Based on current projections, the United States faces the need to increase its electrical power generating capacity by 40% (approximately 300,000 Megawatts-electrical or MWe) over the next 20 years (Energy Information Administration, EIA - Department of Energy). A critical question for the near future is the extent to which geothermal resources can contribute to this increasing demand for electricity. Geothermal energy constitutes one of the nation's largest sources of renewable and environmentally benign electrical power, yet the installed capacity of 2860 MWe falls far short of estimated geothermal resources. This is particularly true for the Great Basin region of the western United States, which has an installed capacity of about 500 MWe, much lower than the 7500 MWe resource estimated by the U.S. Geological Survey (USGS) in the late 1970s. The reasons for the limited development of geothermal power are varied, but political, economic and technological developments suggest the time is ripe for a new assessment effort. Technologies for power production from geothermal systems and scientific understanding of geothermal resource occurrence have improved dramatically in recent years. The primary challenges facing geothermal resource studies are (1) understanding the thermal, chemical and mechanical processes that lead to the colocation of high temperatures and high permeabilities necessary for the formation of geothermal systems and (2) developing improved techniques for locating, characterizing and exploiting these systems. Starting in the fall of 2002, the USGS will begin work with institutions funded by the Department of Energy's (DOE) Geothermal Research Program to investigate the nature and extent of geothermal systems in the Great Basin and to produce an updated assessment of available geothermal resources.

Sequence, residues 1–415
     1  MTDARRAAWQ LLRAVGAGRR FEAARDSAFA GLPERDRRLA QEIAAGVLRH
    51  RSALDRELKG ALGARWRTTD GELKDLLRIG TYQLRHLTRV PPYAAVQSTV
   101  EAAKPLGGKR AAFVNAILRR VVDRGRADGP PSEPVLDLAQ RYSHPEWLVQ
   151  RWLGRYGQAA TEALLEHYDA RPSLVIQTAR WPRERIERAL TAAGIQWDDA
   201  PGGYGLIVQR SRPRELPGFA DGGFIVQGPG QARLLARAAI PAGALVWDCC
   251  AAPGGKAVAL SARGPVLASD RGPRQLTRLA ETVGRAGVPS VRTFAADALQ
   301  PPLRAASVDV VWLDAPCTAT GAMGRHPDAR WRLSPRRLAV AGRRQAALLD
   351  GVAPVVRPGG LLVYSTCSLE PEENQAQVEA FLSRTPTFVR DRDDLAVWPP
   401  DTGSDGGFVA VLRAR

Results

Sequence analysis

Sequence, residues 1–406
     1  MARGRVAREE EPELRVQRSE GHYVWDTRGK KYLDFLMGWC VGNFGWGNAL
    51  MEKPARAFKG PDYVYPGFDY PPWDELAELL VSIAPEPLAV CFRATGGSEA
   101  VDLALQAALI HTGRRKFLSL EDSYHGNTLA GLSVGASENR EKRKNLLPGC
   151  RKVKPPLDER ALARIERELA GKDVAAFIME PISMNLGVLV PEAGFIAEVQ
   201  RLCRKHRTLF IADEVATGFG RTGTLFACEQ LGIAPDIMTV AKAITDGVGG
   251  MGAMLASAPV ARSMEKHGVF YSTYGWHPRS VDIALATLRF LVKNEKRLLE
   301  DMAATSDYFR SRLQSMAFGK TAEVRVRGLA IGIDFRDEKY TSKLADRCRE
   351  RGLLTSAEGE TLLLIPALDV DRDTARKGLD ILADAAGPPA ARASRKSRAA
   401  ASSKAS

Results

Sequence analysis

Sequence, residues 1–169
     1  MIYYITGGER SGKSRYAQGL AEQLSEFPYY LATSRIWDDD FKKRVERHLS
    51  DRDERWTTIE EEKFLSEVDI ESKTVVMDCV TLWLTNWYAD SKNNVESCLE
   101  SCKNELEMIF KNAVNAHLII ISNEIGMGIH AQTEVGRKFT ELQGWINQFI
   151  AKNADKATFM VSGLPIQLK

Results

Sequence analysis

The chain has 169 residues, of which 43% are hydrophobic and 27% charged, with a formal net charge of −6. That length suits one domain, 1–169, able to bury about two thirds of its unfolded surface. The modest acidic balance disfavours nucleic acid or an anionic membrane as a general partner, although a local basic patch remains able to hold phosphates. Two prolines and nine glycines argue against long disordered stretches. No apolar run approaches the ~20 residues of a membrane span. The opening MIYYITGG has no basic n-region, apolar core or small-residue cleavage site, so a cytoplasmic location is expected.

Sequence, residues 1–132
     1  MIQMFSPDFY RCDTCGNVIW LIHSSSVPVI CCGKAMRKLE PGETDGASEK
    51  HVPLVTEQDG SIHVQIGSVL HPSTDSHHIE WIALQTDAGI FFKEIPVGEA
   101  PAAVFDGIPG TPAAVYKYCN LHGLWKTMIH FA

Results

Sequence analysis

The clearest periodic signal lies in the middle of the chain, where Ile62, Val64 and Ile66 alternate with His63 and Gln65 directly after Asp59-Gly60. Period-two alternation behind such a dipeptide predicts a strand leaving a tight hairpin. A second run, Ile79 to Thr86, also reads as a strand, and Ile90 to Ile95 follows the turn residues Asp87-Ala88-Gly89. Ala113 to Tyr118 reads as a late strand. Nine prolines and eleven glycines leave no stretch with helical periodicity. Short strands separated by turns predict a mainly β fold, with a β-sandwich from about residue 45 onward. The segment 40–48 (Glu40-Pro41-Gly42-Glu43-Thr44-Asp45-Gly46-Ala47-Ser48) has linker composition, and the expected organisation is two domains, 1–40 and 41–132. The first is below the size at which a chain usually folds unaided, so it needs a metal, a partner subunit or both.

Additional publication details
Geothermal Systems of the Great Basin and U.S. Geological Survey Plans for a Regional Resource Assessment